Is the album seasonal at all, or does it refer any particular environment, time or personal experience?

It’s more introvert than that. In terms of the way it was written we don’t think that it has any seasonal connection. It’s more a personal reflection.

Are there any particular songs in the album that refer particular moments or moods?

We do but they do so in a more abstract way. All the lyrics sound personal and maybe quite profound to me, which I suppose they are but it’s packaging them in a way that you don’t necessarily have to describe the exact experience to the listener, but more so that they can latch onto the emotion that you’re trying to convey. We never want to say exactly what happened or how we felt but to write a story or paint a picture that alluded to a certain emotion, vibe or feeling. That’s what we try to do with the lyrics most of the time, make them abstract but having a balance of making them personal and emotional as well, whilst also making them sound good.

Do you have a favorite track form the album?

It changes a lot, but playing live we’d say ‘Pink Grin’ is probably our favorite.

Is that part one or part two?

Originally it was going to be just one track, but we thought we could give it more grandeur by splitting into two parts. It also makes it less intimidating for the listener. Otherwise they have to sit through 8 minutes of the track. When we play live it goes on for a lot longer and it’s a lot of fun to play.

Personally I’d say ‘Pink Grin II‘ is the stand out track on the album, it’s a very powerful, dynamic track.

Yeah it was one of the first tracks we made and we actually lost the laptop with the stems on, so we had to mix it from the sampler. We spent ages recording that track as we struggled to get it to sound good; in the end we recorded it live in a friends room, as if we were playing a gig. That’s the version on the album.

Sometimes I’m into the more retrospective songs depending on what mood I’m in. I really like ‘Godhead’. It’s put together with the barest of materials and we’re really happy with what we got out of it.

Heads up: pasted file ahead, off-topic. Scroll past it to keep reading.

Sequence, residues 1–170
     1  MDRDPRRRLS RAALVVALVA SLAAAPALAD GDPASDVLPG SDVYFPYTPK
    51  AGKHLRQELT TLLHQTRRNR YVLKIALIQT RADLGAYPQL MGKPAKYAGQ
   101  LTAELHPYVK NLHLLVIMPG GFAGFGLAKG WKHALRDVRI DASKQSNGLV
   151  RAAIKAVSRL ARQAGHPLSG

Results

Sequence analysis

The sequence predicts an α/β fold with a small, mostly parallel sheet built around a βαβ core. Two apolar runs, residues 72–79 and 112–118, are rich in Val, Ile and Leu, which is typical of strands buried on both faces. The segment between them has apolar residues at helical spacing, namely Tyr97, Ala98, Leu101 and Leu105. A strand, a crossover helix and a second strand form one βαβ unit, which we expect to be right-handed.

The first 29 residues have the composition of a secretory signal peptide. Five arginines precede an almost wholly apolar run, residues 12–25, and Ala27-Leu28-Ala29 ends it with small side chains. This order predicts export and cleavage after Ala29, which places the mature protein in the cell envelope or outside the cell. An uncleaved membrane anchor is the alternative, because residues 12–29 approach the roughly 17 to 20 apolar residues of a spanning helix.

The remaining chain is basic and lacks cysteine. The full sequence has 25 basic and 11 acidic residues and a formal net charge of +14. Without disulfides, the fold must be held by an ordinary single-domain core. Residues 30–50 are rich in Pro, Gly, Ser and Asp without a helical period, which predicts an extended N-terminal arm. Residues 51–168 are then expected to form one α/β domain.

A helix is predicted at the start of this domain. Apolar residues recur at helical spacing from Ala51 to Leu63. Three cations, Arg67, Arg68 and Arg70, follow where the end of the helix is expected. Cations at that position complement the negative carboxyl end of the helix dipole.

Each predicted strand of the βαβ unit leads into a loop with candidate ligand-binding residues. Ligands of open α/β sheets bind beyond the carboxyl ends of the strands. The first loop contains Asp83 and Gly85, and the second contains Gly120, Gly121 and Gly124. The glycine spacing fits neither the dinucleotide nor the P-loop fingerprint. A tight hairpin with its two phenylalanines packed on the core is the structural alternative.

It’s nice to listen to the album as a listener finally and to decide what our favorite songs are to listen to, without having to do anything, or think anything other.

Wanderlust’ begs the question about your experience with travelling, have you been away exploring during the album writing process?

It more alludes to the sense of needing to go somewhere as opposed to the specific act of travelling. It’s something that I always need to bare in mind, that need to go somewhere else just to get a sense of perspective, whether it’s a case of writing music or general life. I guess it’s a theme that occurs in a lot of similar aged people that urge to explore.

What’s the meaning behind the name ‘Cloud Boat’?

I was doing my third year of my music degree. I was at a PHD forum about a Lithuanian composer called Mikalojus Konstantinas Čiurlionis, who made paintings for each movement he was doing for each Sonata. It was at a time when I realized that I wanted to do music. They passed around a book of his music with examples of his paintings and it had this one called ‘Cloud Boat’ and it just stuck in my head because of the mood and frame of mind I was in at the time. There wasn’t any specific meaning in the words, or a specific love for the painting. Six to eight months later we got a few songs together and we were one of those bands where we had everything worked out before, we had songs, a live set, gigs but no name. ‘Cloud Boat’ kept coming into my head so we used it. It looks good written down and the words sound nice together.

I think the name ‘Cloud Boat’ compliments the music well.

Some people don’t see that at all. I think that they’re the ones who go for the more aggressive songs and they don’t see the correlation. People say that the music is too dark, which is actually something we like.

Who’s behind the artwork for the album?

We chose it; a friend of mine from university who is a bit of a jack-of-all-trades did it. He takes photographs and does screen printing and graphic design as well. He sent over some photos quite a long time ago and I remembered one of them, which I thought was amazing, as soon as I saw it I had a vision that it would look amazing on an album or more specifically on something that we did.